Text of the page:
‘Untitled’ by Casey Bowers

I did everything to avoid this. Convinced myself it didn’t matter – my voice didn’t matter. 

Made excuse after excuse: It was too late. It was too big. It wasn’t my place.

Like many of us, I had a really hard time processing what’s happened (so far) in 2020.

I held my kids tighter and closer. I kissed my wife longer and deeper. I coped by distracting myself more with new memes and old movies, at-home workout routines and extended playtime with the kids, I took long walks and short walks and took my past civil liberties for granted, filled my notebook with big plans and my cart with bigger bottles. With every passing day as the news seemed to grow grimmer, I’d run through every possible emotion stopping at numbness. 

I’d thank God I was alive. I’d think about how lucky I am. I’d think about my wife and kids and the toll this was taking. Children of The Pandemic. Kids of America 2020. My fucking God, they’re just children. I’d get angry and curse and cry and laugh and drink and distract. I’d turn the music up louder. I’d watch my kids dance and smile. I’d try to hold onto that. Capture those moments to get me through the minutes of the day that stretched longer and longer some days. 

Some days I’d sleep in and have vivid and horrible dreams I couldn’t wake from or didn’t want to, with every intention of not waking up til the real nightmare was over. Some days I’d wake up early paranoid about police states and neighbohood militias, standing at the ready with a mind set to maim or murder anyone whose intent was to bring harm to my family. Some days I’d find inner peace and accept everything in the universe exactly how it is with no intention of disturbing a single thing (some days). Some days, I wouldn’t even look at my phone. Some days, I couldn’t even set it down.

 I thought about the duality of everything. I considered the gentle nature of balance and how completely fucked and off course we truly were. I wished for greater leaders. I wished our lessers dead. I wished for a re-do. I wished for the reset button on this obviously buggy version of the simulation. I wished for IT help that didn’t require shutting down. I shut down so much in the past. 

The Girl with the Pierced Eardrum (with mask) by Banksy

I wanted to be open. I didn’t want to be scared and closed off. I wanted to turn off my mind, relax, and float downstream. I wanted to understand how one person’s broken psyche and hurt feelings enacted a vendetta, brought down a democracy, installed a syphilitic bigot and enabled all of his actions and inactions to destroy so many lives. I wanted to understand how my brothers and sisters of this once great nation could be so easily brainwashed by an immoral and inept imbecile. What I really wanted though was to know that this was in fact the final straw and I wanted a guarantee that not even foreign interference, disinformation campaigns, cyberattacks, and voter suppression could stop the end of a mad tyrant’s reign from coming swiftly in November.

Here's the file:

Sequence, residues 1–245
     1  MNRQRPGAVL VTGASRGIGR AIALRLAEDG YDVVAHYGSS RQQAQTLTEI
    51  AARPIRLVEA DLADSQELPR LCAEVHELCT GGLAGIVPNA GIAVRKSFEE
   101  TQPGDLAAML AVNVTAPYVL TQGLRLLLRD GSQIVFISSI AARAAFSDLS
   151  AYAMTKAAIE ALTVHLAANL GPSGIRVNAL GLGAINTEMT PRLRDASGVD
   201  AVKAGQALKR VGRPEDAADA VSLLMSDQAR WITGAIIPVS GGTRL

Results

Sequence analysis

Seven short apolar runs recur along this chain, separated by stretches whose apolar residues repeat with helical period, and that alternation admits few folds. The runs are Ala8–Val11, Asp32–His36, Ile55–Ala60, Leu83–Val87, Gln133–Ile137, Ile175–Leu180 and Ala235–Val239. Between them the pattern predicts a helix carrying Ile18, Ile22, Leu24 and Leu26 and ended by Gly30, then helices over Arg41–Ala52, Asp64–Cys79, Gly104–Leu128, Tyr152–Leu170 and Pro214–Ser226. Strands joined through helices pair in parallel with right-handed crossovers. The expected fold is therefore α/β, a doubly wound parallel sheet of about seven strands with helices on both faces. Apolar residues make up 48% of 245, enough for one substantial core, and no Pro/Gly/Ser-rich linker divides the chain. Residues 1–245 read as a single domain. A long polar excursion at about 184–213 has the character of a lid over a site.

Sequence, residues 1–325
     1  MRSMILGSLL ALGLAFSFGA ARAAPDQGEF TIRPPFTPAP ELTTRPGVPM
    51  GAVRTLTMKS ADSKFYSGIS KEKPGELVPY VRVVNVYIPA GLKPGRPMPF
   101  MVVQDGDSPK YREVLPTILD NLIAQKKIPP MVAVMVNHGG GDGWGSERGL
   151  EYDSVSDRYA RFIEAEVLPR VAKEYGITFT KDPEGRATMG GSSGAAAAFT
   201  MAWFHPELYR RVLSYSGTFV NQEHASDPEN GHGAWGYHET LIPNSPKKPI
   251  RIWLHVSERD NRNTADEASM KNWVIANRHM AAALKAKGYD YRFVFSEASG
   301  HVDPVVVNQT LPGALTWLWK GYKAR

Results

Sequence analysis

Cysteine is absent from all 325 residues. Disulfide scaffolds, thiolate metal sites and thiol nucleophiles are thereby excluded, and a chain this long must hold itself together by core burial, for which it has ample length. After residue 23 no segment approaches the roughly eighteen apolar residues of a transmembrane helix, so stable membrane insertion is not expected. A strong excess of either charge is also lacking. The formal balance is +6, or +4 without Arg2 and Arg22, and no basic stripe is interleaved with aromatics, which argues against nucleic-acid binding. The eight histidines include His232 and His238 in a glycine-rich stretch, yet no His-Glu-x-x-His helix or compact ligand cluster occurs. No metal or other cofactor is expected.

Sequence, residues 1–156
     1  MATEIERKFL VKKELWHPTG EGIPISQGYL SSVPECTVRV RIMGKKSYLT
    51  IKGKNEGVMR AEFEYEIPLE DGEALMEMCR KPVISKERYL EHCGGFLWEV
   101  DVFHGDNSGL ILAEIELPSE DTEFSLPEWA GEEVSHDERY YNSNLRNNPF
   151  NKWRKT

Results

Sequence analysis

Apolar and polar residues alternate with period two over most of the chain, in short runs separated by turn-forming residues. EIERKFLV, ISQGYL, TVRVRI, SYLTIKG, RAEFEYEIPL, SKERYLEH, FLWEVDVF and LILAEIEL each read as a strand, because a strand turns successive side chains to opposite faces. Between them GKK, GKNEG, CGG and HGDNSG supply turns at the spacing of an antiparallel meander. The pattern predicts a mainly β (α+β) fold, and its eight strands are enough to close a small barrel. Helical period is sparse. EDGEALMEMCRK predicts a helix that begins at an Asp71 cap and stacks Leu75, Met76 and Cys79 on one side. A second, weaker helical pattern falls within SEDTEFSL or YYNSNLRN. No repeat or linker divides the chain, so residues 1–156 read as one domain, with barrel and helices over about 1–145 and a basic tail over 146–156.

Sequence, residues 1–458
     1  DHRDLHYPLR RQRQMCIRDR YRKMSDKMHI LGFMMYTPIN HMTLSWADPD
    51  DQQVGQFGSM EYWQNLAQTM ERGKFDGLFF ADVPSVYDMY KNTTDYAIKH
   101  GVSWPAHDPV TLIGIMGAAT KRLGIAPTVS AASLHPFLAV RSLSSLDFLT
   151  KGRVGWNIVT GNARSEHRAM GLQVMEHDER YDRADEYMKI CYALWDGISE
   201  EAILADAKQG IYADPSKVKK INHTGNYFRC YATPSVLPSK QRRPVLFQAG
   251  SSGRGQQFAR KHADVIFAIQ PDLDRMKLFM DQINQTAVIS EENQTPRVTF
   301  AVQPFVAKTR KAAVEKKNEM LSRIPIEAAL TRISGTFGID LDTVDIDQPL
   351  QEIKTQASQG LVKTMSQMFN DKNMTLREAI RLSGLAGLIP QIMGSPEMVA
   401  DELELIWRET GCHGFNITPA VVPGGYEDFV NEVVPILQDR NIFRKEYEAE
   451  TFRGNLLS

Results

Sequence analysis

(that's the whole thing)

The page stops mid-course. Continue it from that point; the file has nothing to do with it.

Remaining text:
I wanted so much for this to not be political. I wanted everyone to realize that it didn’t matter what side of the aisle the person in power sat on, they were wrong and that wrongness was either killing us now or was going to get us killed sooner than later.

Stir-crazed minds growing impatient and more closed, hearts growing colder and while temperatures rise and places reopen. Cases rise and cases spike in places where masks aren’t worn. More sick. More dead. Go on vacation. Go to a rally. Get your hair and nails done while the world burns.

Then came the video. “I can’t breathe.” Then came the sadness, the anger, and the outrage. Floyd and Taylor on our lips. Floyd and Taylor on our minds.  Then came the response, the hatred, the protests, and the violence. Responding with such severe viciousness and unjustifiable inhumanity. Responding with chemical grenades, pepper spray and wooden bullets. Responding to anger over sadness of brutality with anger and brutality. Then came the revolution. Black lives matter and your racist POS lives don’t. Some of the many who were white from the all finally understood a little more and a little better that the few left out of the all were black. But the black weren’t few, didn’t deserve few, and should never again be treated and perceived as few. The MAGA-holes and KKKarens cried over toppled racist monuments. The rest of us cried over racist governments not yet toppled. This God forsaken year is not over and what’s sowed will be reaped. The greatest comforts and little joys that made a big difference came from the open hearts and open minds of those who cared. To the ones that cared enough to keep trying, thank you. To the ones that may have grown impatient but never gave up, thank you. To the ones that wore a smile under their mask in the face of so much idiocy and opposition, thank you. To the ones who offered to teach, to educate, to demonstrate, to accommodate, to entertain, nourish, to serve, to stay home, to stay vigilant, to listen, to create art, music, film, books, articles, and to all who pressed play, hit record, plugged in, tuned in, captured and recorded life, the world and everything during the pandemic, thank you.

It’s hard to hope and it’s harder to inspire others to hope. But, to badly misquote Maya Angelou, “Once we know better, we can do better.”

Better is aspirational and better is a good If not difficult goal for us to set so late in the year, but better is relative and this incarnation of better seems doable. Let’s think on, pray on, work on better. 

After all it’s 2020, it’s only July and it could definitely still get worse.

I'm a writer who knows more about music, film, and pop culture than I do about load bearing walls, stabilized population growth, or animal husbandry.

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